It was only a couple of days ago that the comics industry was rocked by news of an expansive deal between writer Scott Snyder and Comixology for a slate of new titles. Barely had the waters calmed when a new bombshell rocked the industry: media startup Substack is funding comics creators to make new comics without any ownership strings attached. And once again, Snyder is front and center, with news that he will be launching an online comics writing course via the platform. All the details are here, but in my honest opinion, $75 (or $7 a month) for an online writing class with someone of Snyder’s experience is a pretty good value proposition. And a lot of people seem to feel the same way.
Snyder and I had been emailing about having a more substantive talk recently and this seemed like the right time for a quick chat to discuss what he’s doing on Substack – and the issues with the platform – and the wider questions of how to forge a career in comics that pays a living wage – something that doesn’t often happen.
Ultimately, there’s a lot of change in the industry right now, and Snyder and his colleagues on Substack like James Tynion IV and Jonathan Hickman have done a lot of thinking about it. Hopefully their opportunities can lead to some of the benefits for all creators that they’re hoping for.
HEIDI MACDONALD: I read that Jonathan Hickman mentioned that after the Diamond shutdown happened, he did some thinking. I think people in comics kind of had a double whammy. Number one, we had the pandemic, obviously, which changed everything in our lives. And then comics had this really specific disruption that, as I said when it was happening, it’s like, you could still buy almost everything, but not periodical comics. Did you do also some soul searching during that time?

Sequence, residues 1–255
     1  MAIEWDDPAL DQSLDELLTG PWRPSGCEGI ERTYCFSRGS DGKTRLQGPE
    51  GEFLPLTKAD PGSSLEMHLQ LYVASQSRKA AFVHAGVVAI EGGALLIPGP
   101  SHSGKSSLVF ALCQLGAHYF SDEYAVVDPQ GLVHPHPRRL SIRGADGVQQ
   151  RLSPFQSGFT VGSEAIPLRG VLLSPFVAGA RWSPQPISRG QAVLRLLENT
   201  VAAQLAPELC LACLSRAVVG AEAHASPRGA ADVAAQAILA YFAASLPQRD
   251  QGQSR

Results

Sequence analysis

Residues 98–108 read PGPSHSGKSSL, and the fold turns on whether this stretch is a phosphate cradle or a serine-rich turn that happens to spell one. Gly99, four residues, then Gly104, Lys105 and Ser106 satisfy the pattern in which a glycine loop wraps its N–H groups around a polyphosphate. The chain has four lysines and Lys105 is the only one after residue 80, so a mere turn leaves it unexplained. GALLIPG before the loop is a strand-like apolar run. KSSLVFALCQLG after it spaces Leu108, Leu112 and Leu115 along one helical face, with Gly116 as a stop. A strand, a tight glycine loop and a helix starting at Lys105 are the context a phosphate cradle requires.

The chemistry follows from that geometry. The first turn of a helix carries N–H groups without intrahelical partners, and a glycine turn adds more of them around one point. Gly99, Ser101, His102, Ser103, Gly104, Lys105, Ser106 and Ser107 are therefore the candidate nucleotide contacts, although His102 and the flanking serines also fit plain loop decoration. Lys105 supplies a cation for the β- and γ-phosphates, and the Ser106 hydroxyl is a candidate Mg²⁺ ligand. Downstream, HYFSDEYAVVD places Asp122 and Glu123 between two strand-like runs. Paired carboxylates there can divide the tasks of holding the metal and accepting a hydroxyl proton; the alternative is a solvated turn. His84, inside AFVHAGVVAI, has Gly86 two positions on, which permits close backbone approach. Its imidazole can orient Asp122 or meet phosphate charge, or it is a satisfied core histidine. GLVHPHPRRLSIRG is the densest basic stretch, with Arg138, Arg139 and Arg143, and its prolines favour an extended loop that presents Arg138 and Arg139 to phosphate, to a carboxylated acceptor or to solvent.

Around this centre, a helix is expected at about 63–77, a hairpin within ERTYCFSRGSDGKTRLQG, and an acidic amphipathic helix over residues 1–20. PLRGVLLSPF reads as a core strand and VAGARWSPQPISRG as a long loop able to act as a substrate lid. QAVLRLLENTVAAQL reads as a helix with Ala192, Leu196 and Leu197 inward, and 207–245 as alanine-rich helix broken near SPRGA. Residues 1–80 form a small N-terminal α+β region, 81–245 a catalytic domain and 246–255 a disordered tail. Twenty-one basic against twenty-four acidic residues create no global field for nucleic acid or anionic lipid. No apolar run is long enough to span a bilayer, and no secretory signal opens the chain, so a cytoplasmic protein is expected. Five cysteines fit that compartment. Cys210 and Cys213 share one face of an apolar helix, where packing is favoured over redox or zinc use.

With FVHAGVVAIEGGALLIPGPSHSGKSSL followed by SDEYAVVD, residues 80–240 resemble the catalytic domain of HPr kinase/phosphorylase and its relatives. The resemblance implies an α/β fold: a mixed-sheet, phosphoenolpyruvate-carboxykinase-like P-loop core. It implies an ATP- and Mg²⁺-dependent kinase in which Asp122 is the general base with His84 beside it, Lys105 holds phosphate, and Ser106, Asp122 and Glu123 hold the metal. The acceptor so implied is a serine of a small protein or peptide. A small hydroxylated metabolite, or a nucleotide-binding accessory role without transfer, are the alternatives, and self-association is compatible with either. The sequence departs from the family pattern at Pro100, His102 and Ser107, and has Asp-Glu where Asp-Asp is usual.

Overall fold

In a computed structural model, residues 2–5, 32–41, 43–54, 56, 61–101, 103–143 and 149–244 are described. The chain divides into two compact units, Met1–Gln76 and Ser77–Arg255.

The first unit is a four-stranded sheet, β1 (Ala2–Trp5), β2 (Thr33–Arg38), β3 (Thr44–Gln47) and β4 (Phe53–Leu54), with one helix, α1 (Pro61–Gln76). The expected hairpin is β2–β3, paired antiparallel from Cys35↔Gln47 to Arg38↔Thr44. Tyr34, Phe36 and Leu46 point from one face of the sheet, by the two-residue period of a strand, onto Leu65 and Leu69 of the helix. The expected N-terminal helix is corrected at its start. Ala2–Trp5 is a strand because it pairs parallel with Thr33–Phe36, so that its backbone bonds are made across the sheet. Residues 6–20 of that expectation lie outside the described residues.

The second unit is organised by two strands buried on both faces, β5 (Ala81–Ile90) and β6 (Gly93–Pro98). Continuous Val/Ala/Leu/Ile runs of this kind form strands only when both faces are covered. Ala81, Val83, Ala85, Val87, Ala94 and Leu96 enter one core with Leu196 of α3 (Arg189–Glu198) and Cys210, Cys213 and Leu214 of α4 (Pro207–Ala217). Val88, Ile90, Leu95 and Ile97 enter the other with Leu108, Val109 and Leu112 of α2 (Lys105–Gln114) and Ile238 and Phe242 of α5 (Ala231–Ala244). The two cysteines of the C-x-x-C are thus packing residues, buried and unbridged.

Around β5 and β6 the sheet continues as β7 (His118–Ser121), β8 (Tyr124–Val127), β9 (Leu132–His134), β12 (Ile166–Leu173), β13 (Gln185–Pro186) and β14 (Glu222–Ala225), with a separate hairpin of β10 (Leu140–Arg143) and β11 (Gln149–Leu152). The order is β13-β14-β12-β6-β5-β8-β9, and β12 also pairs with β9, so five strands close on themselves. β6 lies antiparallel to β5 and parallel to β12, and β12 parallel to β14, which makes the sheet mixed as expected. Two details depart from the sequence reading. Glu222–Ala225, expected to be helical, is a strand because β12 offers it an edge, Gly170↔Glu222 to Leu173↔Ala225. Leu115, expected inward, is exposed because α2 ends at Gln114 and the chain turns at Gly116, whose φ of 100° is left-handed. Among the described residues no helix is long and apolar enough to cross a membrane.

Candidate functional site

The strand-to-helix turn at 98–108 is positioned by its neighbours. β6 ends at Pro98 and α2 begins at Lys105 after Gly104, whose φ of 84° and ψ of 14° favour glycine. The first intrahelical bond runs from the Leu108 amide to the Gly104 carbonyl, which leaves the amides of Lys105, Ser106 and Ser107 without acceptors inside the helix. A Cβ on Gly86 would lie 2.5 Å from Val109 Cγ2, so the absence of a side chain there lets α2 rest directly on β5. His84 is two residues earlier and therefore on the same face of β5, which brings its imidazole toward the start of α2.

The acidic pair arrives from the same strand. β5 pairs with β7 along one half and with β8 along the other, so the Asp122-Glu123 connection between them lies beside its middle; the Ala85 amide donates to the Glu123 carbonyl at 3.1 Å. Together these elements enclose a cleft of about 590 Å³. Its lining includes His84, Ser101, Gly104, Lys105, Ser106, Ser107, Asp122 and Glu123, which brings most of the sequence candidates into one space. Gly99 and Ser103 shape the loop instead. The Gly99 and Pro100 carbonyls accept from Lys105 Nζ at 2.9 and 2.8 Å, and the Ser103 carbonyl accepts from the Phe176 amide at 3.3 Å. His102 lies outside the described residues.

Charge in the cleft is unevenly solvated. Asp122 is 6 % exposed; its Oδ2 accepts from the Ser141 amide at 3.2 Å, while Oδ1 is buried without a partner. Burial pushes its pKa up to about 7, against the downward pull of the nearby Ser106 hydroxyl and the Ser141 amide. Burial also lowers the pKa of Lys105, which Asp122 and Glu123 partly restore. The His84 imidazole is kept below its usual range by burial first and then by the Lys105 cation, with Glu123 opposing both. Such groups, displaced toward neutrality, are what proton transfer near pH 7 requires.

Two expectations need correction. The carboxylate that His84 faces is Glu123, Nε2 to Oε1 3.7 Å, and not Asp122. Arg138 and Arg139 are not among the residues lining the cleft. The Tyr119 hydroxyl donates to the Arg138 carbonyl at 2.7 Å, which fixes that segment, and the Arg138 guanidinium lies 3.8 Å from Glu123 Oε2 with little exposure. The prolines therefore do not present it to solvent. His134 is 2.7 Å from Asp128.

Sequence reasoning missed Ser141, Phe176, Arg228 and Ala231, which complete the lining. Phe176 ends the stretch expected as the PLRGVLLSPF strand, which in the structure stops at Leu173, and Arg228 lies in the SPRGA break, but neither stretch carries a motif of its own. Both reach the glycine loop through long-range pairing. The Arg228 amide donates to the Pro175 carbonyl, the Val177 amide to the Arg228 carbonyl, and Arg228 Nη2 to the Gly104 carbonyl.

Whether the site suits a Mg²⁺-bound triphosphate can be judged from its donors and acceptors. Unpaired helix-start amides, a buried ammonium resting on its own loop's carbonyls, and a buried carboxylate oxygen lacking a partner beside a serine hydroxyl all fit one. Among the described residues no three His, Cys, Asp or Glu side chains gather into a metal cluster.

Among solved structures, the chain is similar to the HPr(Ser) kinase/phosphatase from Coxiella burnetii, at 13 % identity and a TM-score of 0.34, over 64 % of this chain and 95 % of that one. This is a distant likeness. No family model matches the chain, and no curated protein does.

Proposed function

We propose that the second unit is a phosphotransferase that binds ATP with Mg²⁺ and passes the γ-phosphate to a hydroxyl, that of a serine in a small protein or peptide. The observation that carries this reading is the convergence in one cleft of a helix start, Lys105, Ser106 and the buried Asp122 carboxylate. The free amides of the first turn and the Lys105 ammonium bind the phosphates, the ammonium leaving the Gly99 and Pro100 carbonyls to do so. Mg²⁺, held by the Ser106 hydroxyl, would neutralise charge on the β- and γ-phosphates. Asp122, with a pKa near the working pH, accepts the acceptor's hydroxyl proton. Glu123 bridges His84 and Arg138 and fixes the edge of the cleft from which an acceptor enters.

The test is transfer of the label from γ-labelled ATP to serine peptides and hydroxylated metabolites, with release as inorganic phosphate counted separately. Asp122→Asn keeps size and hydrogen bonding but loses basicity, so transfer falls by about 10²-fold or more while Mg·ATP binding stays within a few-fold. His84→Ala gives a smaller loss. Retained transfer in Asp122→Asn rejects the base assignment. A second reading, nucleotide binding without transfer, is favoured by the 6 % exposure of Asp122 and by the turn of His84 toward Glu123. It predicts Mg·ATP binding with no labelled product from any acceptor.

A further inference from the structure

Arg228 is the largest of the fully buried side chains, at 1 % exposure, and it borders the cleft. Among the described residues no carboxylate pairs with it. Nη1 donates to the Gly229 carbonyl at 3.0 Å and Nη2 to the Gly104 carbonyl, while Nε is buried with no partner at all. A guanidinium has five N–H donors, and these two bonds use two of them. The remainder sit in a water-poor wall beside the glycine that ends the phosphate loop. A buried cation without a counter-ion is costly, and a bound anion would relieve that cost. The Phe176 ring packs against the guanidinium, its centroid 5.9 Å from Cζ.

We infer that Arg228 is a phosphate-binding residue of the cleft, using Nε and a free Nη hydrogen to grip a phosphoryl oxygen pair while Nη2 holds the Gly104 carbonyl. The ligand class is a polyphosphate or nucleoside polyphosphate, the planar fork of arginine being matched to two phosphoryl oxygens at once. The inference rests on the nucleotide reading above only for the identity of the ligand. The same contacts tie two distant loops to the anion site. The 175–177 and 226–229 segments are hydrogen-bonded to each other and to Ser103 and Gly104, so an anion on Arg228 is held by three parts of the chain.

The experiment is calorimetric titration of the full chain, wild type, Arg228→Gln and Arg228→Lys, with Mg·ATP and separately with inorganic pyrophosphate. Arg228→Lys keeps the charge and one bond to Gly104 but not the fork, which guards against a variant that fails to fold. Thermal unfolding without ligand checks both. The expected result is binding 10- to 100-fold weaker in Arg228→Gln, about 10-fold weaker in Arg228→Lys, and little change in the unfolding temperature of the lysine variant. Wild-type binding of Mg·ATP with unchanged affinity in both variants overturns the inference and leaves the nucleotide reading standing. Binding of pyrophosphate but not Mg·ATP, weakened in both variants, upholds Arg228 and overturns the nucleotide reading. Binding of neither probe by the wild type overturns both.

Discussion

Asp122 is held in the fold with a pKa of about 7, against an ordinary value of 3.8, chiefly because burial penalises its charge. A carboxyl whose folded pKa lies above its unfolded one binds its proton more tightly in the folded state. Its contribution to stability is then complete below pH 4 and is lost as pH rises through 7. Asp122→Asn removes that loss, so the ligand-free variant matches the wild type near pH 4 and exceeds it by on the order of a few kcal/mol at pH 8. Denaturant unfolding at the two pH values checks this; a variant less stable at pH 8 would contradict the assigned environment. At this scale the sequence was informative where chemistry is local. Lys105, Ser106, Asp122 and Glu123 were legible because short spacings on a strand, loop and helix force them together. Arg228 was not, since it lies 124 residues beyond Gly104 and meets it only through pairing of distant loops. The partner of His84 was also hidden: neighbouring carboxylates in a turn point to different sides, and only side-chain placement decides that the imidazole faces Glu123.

SCOTT SNYDER: All of this comes from that in a way but honestly, after being in DC, for as long as I was, I had planned on leaving that year with the end of Death Metal. I had begun to set up all of these books that I was really excited about. I was just making them in the dark with my co-creators, there was no assigned publisher yet. I was starting to have conversations with different people. But ultimately, we were making them for ourselves. Some of them had been in the works for a couple years, like the book with Francesco [Francavilla], which we had been tweeting about. Some had started even further back — the one with Francis [Manapul], we had been talking about for three years and started doing it and squirreling it away while we were doing Justice League.
But the problem doing creator-owned, whether you’re doing it with a publisher or you’re doing it yourself, is usually that you’re making it to get paid on the back end. Some publishers give you a page rate, but most of the publishers that offer page rates also take some of the ancillary rights. Not to get too in the weeds, but for people that want to own their own work and own it together with their friends and co-creators, there are a tremendous amount of choices. When the pandemic happened, and Diamond shut down and all the publishers shut down, it really made me think, and made me terrified for the industry. And there were a lot of bigger problems than mine. But my biggest concern in my little world was my co-creators, and the idea that I wasn’t going to be able to pay them. If I didn’t have money coming in, I wasn’t going to be able to assure them that these books would come out anywhere.